How to Reclaim the Proceeds Taken by Holders of Monopolies/Privileges?

George did not tolerate private monopolies/privileges! Against them he proposed abolition, or -- concerning those privileges that had to be tolerated -- socialization.

At the time of Henry George (the last part of the 19th century) monopolies/privileges were few, and those of them that the society would decide to tolerate could easily be managed by the public without conflicting Henry George's recommendation of a public administration as small as possible that he proposed in order to avoid or minimize the risk of corruption, ineffectiveness and waste of resources.

Today 118 years after the publication of George's Protection or Free Trade (1886) we have to realise that the number and the extend of monopolies/privileges have increased enormously and today they suck up huge parts of what the classical economists and Henry George called "Rent of Land". About the size of the "Rent of land" Henry George wrote (page 406 in Progress and Poverty reprinted 1990 by Robert Schalkenbach Foundation):

"... as society develops by the increase of population and the advance of the arts, it becomes greater and greater. In every civilized country, even the newest, the value of the land taken as a whole is sufficient to bear the entire expenses of government. In better developed countries it is much more than sufficient."

Today's Georgists have to face the fact that the legislators will tolerate a great number of privileges, and therefore Georgists have to decide whether they want to expand the public administration by socialization of all these tolerable privileges (which will conflict with Henry George's recommendation of a public administration as small as possible), or use Henry George's means against the landholders unearned profit (public collection of the annual rent of land) also on the privilege-holders' unearned extra profit (public collection of the annual rent of privileges, which is public collection of the unearned privilege profits).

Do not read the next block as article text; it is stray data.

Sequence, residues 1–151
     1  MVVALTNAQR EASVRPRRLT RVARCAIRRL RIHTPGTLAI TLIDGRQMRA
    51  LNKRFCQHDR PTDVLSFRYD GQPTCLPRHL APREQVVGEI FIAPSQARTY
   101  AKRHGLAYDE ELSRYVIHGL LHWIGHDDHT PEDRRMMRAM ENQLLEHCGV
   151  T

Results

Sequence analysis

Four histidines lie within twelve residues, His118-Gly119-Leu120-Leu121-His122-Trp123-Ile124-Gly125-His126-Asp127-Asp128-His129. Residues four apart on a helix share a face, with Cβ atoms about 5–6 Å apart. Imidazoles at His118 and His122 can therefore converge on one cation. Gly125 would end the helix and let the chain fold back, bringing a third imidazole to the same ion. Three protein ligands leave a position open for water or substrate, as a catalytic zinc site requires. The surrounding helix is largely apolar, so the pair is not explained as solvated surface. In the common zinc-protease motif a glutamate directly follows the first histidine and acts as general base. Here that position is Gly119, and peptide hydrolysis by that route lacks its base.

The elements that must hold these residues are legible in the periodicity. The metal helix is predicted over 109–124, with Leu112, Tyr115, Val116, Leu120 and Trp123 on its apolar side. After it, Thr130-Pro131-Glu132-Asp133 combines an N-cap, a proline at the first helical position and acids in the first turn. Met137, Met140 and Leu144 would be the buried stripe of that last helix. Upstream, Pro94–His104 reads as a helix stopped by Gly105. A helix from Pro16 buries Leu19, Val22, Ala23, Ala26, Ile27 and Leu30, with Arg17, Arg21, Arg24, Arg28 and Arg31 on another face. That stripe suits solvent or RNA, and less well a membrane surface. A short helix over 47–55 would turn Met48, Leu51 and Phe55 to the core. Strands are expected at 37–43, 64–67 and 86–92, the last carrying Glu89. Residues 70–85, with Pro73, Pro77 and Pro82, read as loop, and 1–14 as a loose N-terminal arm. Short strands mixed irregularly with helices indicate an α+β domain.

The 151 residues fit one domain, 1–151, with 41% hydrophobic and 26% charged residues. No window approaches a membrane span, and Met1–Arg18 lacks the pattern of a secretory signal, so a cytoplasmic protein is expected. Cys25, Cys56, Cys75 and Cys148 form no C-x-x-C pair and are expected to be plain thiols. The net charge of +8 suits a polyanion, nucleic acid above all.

In his article in Progress No. 1061, May- June 2004, Gavin Putland named non-land monopoly/privileges "the lesser robbers" and land monopoly "the great robber".

That choice of wording might give the reader the impression that "the lesser robbers" are inferior and almost innocent; but that is far from the reality. In fact, holders of monopolies and privileges form a steadily growing crowd of predators who wildly take their proceeds from what the classical economists called Rent of Land (the third part of the three in which the results of production is divided: Wages, Rewards to investors, and Rent of land to the landowners and other power brokers).

This is the real challenge that Georgists have to face in the beginning of the third millennium -- the sooner they do so the better.